Defence covers activities which are part of the UK’s military activities to protect and defend the UK. This can cover a range of activities over land, sea, and air. There is a range of defence activities in the Scottish Solway, with the Socio-economic Assessment of the English Solway unable to identify any socio-economic contribution of defence activities to the English side of the Solway Firth. Defence is a matter reserved with the UK government and has a common, UK wide, approach.
As mentioned in the overview for the Productive chapter introduction of the Solway Review, this section is populated with data and information from the Socio-economic Assessment’s for the Scottish (SEASS), and English Solway (SEAES), which are two separate projects completed in 2020. Text below will be predominantly directly from the SEASS or SEAES Reports but is altered at times. These reports are available here. These socio-economic reports were needed in light of the changing face of socio-economic aspects impacting the Solway Firth, and also for the purpose of populating the productive section of the Solway Review. Text from the SEASS and SEAES reports is not referenced individually.
There is a limited level of defence activity and employment related to the Scottish Solway coast. The main sites are Ministry of Defence (MOD) West Freugh weapons test and evaluation range on Luce Bay, and the Kirkcudbright Training Area.
Around the Scottish side of the Solway the historic connection to extensive military activity can be seen. An example of previous defence activity is the platform at Sandyhills which was an RAF bombing target used by the World War II (WWII) Heathall airfield. Garlieston also has an important connection to WWII, it was where Mulberry Harbour prototypes were tested prior to D-day landings. Several Beetle potoons now lie on coastal rocks, with a well preserved example at Cairnhead Bay, Portyerrock (pictured below). Previous defence activity in and around the Solway contributes to the cultural heritage and draws visitors to the area through tourism. Garlieston has had exhibitions and books focussed on this point in Garlieston’s history, and even holds a military themed weekend called ‘Garlieston’s Military Weekend‘ each year with a vintage 1940’s theme to celebrate and remember the historic connection Garlieston had to World War II.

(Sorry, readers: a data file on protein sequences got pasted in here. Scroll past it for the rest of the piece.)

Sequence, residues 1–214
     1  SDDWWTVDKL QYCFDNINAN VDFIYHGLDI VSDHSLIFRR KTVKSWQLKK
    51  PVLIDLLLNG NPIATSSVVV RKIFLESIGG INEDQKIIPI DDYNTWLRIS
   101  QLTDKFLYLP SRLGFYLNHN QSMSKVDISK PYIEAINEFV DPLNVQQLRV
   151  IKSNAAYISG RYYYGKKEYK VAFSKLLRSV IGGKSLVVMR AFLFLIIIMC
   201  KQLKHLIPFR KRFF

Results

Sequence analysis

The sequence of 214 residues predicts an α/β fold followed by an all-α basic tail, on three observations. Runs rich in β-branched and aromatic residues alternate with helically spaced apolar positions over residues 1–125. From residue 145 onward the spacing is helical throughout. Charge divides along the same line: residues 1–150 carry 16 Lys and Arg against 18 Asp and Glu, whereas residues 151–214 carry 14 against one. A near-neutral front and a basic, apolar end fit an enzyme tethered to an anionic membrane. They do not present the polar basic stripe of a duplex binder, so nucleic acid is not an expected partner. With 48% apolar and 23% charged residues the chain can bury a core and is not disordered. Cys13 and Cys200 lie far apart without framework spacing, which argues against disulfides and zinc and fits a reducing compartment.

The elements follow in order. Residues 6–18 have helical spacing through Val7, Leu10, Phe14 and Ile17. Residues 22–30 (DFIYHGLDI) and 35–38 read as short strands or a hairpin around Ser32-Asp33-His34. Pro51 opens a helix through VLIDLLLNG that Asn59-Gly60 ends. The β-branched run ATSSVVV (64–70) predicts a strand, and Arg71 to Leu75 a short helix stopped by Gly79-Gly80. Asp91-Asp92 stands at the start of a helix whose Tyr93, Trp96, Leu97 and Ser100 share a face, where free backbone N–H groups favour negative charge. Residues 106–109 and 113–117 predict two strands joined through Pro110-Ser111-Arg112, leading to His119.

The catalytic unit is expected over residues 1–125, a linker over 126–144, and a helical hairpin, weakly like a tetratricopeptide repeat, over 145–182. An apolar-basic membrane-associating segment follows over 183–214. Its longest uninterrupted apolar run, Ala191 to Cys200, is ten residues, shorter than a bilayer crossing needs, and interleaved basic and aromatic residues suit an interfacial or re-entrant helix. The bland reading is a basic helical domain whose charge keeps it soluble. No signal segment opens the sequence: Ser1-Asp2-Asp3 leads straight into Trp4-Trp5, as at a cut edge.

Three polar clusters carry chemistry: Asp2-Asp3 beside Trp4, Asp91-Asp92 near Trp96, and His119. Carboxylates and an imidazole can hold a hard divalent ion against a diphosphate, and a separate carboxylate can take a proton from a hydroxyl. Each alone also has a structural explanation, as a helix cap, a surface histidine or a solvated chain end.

Much of the physical evidence of WWII history around Loch Ryan has been dismantled and dispersed. However there are a few publicly accessible sites that still show structures from that period such as the lookout post and flying boat slip ways at the Wig. The Loch Ryan WWII leaflet below provides more information of sites to visit.
The English side of the Solway has also seen its fair share of past military activity, with Drumburgh WWII bombing range, which continues to feature a large white target guide arrow marked on Easton marsh (Latitude 54.927212, Longitude -3.130580). Many buildings survive from the previous RAF Silloth, former Royal Air Force station one mile north-east of Silloth. Blitterlees Bank was also a testing site for weapons during World War I. Opened by Armstrong’s, the live firing of new weapons systems allowed the recovery of empty shells at low tide, and more privacy due to the ‘remote’ location. The BBC has an audio clip (available here) discussing this important time in Blitterlees’ history in the collection of clips focussed on ‘World War One at Home’.
See Historic Environment and Cultural Heritage for some more information on the military history around the Solway Firth.
Defining the Sector
The defence sector is defined as the Standard Industrial Classification (SIC) code (Office for National Statistics, 2007): 84.22: Defence activities. MOD West Freugh is classified under the Standard Industrial Classification (SIC) code (Office for National Statistics, 2007): 72.19: Other research and experimental development on natural sciences and engineering.
Between 2014 and 2018 the employment in the defence sector reduced by 11%.
|Change in Activity, 2014 – 2018|
Image; Beetle Pontoon at Cairnhead Bay, Portyerrock, near Garlieston © N. Coombey/ Solway Firth Partnership.